Trend Watch: Social Profile Pruning (in http://socialmediatoday.com).Profile “pruning” is on the rise. Deleting unwanted friends, comments and photo tags grows in popularity.
Over time, as social networking sites have become a mainstream communications channel in everyday life, profile owners have become more active managers of their profiles and the content that is posted by others in their networks.
According to a new Pew Internet study, two-thirds of profile owners (63%) have deleted people from their networks or friend lists, up from 56% in 2009. Another 44% say they have deleted comments that others have made on their profile, up from just 36% two years prior.
And as photo tagging has become more automated on sites like Facebook, users have become more likely to remove their names from photos that were tagged to identify them; 37% of profile owners have done this, up from 30% in 2009.
Deleting social media comments is part of the reputation management work of being a young adult.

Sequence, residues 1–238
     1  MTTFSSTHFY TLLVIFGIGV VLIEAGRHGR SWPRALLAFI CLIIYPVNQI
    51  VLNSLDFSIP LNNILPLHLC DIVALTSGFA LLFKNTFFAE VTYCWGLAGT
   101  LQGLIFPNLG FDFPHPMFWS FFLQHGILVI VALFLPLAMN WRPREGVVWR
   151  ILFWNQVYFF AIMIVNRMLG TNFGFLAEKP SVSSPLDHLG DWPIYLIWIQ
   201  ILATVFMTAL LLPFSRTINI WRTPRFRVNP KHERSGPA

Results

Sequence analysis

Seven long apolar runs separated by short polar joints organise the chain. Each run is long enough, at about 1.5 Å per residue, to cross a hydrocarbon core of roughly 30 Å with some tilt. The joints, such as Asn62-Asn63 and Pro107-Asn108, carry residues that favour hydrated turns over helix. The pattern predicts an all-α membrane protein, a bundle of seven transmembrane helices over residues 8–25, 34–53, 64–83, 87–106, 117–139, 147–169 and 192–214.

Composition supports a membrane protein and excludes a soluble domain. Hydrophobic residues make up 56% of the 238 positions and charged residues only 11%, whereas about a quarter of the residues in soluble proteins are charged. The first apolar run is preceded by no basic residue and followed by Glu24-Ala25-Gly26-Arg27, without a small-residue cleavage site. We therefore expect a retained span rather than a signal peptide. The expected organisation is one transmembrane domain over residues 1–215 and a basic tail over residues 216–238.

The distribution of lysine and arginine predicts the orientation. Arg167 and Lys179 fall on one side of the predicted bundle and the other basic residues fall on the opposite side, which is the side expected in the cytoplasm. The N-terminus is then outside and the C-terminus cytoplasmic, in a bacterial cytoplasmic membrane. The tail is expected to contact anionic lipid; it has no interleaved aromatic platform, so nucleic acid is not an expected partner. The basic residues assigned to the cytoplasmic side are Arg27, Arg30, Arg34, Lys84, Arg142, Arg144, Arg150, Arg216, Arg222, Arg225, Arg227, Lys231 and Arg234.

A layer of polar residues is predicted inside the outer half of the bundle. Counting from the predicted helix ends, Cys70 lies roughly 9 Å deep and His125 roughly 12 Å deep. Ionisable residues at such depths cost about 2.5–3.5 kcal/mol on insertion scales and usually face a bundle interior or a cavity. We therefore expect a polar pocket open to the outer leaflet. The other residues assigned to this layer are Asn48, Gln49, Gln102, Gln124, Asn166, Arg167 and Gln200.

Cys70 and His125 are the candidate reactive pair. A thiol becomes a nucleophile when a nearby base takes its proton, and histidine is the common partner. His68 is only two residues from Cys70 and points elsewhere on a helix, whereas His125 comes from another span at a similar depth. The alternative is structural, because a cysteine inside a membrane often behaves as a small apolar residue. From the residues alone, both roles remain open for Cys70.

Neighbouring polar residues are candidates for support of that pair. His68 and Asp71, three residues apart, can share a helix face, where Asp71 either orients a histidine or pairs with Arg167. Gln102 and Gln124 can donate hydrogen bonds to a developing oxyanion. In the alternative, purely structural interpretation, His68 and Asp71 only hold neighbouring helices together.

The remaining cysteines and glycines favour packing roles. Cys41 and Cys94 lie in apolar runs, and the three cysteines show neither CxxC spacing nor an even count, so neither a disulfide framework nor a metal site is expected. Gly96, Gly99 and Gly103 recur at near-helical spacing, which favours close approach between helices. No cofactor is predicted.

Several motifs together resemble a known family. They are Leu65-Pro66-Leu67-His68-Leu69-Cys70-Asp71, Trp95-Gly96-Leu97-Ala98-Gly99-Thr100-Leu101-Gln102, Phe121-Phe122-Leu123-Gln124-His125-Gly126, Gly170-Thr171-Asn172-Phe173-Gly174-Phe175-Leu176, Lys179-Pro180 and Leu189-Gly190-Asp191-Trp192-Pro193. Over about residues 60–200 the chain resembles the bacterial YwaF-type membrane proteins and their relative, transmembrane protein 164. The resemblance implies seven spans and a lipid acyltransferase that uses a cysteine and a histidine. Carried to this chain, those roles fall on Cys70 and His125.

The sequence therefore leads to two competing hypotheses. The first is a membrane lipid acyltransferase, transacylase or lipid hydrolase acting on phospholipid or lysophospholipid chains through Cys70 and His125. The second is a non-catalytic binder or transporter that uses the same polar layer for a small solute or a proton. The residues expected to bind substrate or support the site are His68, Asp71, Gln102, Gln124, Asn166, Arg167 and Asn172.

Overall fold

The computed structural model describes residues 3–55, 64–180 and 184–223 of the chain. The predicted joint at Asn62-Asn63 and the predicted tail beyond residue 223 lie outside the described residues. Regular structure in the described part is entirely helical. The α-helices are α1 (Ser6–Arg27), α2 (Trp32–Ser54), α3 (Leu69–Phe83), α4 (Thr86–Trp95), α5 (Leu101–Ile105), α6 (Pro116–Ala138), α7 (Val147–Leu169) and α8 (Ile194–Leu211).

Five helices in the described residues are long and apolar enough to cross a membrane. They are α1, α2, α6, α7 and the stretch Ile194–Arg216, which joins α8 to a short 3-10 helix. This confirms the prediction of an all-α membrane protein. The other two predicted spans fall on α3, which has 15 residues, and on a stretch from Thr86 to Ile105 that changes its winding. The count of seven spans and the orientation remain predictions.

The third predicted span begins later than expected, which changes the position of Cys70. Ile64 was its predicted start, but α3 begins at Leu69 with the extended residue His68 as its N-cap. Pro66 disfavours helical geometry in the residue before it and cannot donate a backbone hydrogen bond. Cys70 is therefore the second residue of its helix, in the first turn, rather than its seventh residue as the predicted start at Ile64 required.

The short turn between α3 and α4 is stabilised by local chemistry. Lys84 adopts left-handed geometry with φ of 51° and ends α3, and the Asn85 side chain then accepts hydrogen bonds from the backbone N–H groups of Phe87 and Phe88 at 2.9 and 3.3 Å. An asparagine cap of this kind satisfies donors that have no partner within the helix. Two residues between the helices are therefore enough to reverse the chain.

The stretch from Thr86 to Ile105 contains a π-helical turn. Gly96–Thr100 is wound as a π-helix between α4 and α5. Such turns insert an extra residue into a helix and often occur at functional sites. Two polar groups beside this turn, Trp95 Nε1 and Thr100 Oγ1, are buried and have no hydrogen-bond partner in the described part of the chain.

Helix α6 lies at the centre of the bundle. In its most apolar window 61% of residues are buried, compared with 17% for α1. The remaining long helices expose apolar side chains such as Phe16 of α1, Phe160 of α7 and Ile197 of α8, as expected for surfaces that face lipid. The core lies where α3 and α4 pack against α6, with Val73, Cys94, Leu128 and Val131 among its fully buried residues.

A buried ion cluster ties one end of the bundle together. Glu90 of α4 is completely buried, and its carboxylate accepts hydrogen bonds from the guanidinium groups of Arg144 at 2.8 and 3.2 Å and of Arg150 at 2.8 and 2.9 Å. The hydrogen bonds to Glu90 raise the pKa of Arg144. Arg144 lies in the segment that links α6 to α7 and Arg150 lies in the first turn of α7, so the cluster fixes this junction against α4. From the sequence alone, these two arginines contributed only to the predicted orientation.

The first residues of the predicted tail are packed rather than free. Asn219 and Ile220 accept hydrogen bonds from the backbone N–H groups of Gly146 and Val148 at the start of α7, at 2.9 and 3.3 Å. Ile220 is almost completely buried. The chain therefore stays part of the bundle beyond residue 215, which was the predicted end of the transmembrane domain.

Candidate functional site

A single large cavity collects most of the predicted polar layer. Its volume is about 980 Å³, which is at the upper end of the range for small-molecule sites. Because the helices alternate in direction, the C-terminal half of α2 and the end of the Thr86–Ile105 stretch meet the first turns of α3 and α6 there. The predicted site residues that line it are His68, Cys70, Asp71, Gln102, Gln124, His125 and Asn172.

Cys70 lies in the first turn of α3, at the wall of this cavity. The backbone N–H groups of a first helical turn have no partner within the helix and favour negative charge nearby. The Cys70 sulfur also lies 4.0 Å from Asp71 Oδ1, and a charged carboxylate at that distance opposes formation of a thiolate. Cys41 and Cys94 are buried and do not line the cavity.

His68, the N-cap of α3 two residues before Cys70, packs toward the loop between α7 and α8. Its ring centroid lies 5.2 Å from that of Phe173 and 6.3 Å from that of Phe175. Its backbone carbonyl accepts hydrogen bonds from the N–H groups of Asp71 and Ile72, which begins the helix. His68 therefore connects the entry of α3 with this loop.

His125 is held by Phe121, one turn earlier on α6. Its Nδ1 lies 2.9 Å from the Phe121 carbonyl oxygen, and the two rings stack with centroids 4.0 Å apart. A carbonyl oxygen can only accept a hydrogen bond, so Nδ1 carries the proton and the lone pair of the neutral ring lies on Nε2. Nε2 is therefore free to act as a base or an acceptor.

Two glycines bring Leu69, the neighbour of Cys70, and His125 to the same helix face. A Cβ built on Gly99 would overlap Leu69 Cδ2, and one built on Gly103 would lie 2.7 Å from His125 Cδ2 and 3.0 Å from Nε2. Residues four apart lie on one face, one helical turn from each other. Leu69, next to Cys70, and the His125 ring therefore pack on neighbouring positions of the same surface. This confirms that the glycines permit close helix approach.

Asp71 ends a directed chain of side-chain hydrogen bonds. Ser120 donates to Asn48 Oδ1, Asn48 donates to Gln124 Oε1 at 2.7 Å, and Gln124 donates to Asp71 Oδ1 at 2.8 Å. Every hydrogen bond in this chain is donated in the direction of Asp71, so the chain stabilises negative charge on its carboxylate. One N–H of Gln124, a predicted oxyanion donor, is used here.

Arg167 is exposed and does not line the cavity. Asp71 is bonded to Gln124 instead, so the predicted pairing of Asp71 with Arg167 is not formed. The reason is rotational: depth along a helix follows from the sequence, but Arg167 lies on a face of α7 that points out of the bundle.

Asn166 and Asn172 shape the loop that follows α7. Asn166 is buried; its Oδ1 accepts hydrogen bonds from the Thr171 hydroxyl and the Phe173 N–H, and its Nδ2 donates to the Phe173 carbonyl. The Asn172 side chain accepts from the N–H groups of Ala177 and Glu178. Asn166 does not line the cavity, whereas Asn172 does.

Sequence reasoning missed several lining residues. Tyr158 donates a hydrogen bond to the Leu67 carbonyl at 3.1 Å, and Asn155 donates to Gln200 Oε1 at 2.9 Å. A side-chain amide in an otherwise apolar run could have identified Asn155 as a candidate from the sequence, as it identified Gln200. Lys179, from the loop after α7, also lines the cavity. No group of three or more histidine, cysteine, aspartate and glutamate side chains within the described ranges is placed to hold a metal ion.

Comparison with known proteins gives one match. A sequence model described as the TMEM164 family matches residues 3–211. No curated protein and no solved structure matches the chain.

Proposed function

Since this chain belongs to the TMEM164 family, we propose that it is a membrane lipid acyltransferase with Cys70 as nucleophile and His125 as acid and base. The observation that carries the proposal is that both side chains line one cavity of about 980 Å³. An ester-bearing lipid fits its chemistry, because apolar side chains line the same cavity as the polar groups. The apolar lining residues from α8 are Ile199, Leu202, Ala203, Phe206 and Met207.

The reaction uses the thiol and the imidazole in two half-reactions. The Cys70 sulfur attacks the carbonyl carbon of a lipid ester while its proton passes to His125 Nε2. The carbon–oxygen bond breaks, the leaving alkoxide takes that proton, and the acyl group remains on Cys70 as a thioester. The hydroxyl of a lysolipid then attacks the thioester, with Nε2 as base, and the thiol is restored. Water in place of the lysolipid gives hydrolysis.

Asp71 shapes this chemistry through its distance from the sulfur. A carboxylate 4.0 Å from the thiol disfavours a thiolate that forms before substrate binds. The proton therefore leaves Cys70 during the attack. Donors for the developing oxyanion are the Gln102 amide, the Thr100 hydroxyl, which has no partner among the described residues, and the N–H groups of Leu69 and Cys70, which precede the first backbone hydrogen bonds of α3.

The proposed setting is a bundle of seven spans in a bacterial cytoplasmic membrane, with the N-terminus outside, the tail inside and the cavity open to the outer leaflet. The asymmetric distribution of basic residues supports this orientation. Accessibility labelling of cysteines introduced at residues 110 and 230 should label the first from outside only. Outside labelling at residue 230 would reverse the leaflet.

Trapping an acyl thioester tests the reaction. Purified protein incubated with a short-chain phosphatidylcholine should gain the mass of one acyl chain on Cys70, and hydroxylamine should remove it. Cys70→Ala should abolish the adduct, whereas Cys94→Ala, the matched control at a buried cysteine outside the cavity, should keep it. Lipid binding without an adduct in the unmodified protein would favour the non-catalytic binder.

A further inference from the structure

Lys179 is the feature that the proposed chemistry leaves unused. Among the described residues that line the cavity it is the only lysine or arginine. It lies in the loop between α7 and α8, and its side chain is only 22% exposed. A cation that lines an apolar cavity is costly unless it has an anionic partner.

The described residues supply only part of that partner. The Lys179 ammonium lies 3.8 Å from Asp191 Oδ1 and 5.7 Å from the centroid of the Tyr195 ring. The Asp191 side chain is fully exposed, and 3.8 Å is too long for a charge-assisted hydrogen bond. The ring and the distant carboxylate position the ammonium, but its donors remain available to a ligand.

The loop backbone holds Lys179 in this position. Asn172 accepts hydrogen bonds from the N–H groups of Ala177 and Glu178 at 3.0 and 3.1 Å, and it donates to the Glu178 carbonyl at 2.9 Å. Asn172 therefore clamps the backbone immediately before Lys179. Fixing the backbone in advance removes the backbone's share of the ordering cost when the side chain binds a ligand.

All users have become more likely to delete comments on their profiles over time, but this is especially true of young adults.
It is now the case that 56% of social media users ages 18-29 say they have deleted comments that others have made on their profile, compared with 40% of those ages 30-49, 34% of those ages 50-64 and 26% of social media users ages 65 and older.
In contrast to the gender differences with unfriending, male and female social media users are equally as likely to say that they have deleted comments that others have made on their profile (44% of men and women report this).
The task of removing photo tags is also much more common among young adults.
Whether because there are simply more photos being shared or there is more sensitivity to their content, young adult social media users are the most likely age group to report removal of photo tags.
Fully half of young adult social media users (49%) say they have deleted their name from photos that were tagged to identify them.
That compares to 36% of social media users ages 30-49, 22% of those ages 50-64 and only 16% of those ages 65 and older. As with comments, there are no significant gender differences; male and female users are equally likely to delete photo tags (36% vs. 38%).